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Today a funeral service celebrates the life of J. Marse Grant, who died October 17 after a long period of declining health. Grant was 88. Despite suffering from diabetes most of his adult life, he controlled it with a careful diet and managed to become one of Baptist life’s most accomplished editors.

When Grant became editor of Charity and Children, a publication of the North Carolina Baptist Children’s Homes, in 1949, it was mainly a promotional tool for the children’s homes. Grant quickly turned it into an influential source of information and opinion about a wider spectrum of issues, building the circulation and writing such stirring editorials that he gained quite a following in the state. When the editorship of the Biblical Recorder, the Baptist State Convention‘s news journal, came open in 1959, Grant was a natural fit.

Grant led the Recorder until 1982, longer than any other editor. He was fortunate to serve during the heydey of Baptist life, at a time when Baptist churches were growing rapidly, and Baptist people were (for the most part) getting along well and proud to be Baptist. Under Grant’s leadership, the paper’s circulation swelled to a peak of 120,000 in 1979.

Grant was committed to being a player, not just among Baptists, but in North Carolina life. His influence was felt, not just in Baptist homes that received the Recorder and the hundreds of Baptist churches in which he spoke, but in the N.C. legislature, where he was a frequent visitor, twisting the arms of legislators on issues such as alcohol sales and drunking driving.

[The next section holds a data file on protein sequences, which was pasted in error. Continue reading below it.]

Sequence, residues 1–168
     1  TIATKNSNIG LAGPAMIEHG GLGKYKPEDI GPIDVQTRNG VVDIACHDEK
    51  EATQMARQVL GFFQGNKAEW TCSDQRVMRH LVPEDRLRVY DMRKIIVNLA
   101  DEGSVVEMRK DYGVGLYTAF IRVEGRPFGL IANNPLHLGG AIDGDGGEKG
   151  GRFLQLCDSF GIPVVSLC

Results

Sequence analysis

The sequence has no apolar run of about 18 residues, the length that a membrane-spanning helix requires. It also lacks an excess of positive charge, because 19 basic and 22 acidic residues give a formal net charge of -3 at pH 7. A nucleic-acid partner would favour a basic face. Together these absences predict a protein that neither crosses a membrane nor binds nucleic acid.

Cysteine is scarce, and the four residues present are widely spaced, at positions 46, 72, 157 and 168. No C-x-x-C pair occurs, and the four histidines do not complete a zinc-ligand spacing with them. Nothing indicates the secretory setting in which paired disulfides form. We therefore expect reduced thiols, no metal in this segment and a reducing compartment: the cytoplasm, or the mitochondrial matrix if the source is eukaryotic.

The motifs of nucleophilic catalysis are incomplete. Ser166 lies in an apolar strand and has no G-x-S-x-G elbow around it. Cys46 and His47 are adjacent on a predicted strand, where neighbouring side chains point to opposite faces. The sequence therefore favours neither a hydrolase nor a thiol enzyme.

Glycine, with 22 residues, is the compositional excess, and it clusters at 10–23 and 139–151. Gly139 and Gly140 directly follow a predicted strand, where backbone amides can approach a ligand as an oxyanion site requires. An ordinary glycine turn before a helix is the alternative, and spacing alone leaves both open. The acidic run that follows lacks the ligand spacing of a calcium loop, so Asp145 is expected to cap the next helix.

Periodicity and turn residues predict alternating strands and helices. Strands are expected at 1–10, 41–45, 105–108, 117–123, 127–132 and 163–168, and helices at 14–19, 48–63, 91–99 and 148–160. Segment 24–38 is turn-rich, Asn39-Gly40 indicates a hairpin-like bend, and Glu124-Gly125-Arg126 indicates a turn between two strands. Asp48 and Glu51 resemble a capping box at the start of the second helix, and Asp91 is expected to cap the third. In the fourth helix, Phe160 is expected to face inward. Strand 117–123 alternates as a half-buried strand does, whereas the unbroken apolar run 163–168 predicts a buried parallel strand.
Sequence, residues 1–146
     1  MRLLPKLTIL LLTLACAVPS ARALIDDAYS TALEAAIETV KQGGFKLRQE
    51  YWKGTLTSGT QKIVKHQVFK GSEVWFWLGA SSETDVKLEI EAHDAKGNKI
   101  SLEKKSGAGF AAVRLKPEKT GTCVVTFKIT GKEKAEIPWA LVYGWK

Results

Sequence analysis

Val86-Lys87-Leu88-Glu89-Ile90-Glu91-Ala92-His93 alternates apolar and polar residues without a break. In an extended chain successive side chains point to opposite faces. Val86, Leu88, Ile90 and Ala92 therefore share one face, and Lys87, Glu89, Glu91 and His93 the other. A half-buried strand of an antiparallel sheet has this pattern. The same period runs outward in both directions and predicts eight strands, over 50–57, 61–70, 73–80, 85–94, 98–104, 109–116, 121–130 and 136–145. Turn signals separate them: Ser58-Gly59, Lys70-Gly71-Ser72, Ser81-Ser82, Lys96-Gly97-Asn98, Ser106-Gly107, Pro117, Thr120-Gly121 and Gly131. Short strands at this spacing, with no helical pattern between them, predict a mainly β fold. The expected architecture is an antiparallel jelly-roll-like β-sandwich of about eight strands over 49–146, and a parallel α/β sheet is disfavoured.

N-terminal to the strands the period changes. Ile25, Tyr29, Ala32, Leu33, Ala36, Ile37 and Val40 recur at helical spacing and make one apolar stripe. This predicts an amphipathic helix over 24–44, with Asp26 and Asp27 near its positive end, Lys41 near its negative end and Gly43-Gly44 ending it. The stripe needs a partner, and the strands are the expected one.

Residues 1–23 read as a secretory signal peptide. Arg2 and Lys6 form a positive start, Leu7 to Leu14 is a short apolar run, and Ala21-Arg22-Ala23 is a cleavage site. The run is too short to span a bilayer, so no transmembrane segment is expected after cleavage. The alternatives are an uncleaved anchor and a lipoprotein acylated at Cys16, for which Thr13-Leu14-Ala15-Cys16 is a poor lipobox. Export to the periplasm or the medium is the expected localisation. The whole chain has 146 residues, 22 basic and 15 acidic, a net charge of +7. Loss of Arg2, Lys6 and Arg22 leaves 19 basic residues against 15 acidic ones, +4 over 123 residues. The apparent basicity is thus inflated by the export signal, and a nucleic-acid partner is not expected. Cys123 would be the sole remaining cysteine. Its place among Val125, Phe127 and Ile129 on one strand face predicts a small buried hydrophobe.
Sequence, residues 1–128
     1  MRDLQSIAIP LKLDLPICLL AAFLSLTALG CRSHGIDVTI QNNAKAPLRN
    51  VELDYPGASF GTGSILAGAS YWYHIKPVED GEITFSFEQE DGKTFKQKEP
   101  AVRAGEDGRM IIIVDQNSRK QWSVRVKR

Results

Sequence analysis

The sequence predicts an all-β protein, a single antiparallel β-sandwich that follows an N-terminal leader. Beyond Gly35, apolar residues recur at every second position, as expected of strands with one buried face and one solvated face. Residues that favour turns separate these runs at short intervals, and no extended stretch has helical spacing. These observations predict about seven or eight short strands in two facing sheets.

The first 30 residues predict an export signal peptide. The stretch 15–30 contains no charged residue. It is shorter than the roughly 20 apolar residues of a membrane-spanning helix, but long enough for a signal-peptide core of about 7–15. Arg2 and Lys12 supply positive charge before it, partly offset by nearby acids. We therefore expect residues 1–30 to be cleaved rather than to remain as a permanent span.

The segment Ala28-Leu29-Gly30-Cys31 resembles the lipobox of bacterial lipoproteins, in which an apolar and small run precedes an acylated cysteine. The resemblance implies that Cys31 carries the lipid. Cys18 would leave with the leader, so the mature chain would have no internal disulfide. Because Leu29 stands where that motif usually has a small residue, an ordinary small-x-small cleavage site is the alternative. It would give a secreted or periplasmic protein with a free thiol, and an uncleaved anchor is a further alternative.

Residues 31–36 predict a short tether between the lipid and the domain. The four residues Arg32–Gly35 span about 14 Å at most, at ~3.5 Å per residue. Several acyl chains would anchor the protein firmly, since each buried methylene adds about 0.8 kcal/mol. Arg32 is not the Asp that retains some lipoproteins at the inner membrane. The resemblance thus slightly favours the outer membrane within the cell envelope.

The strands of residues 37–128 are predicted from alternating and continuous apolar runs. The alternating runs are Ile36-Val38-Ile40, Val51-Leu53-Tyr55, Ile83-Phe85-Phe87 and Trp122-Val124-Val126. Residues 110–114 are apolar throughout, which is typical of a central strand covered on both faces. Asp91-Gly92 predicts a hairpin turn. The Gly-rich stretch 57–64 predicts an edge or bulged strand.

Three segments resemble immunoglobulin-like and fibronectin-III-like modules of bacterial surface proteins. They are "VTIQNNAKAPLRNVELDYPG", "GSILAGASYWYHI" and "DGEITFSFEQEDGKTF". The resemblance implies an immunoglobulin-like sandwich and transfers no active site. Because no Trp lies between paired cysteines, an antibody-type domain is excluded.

Grant was a moderate before most folks knew what that meant. He saw trouble ahead when the fundamentalist branch of the Baptist family sought and gained control, and opined against a doctrinnaire approach to Baptist life and governance.

He did more than express opinions, however. Grant and his indefatigable wife, Marian, ran a travel business called “Grant Tours” on the side, an effort that continued long after he retired form the Recorder. One of their major projects was to put together tour packages to each year’s Southern Baptist Convention. As a young pastor, I traveled with them more than once, and some friendships I enjoy today originated as assigned roomates on trips to SBC conventions in Los Angeles and Las Vegas.

When I served as editor of the Recorder, Grant would send me the occasional letter — always typed, then edited with a pencil, then faxed. He remained clear-minded and strong-willed long after his body grew too weak to keep up with him.

Grant was an icon, not only among N.C. Baptists, but also in the journalistic fraternity of other Baptist papers. More than an icon, however, Grant was a true friend to authentic Baptists, and we will miss him.

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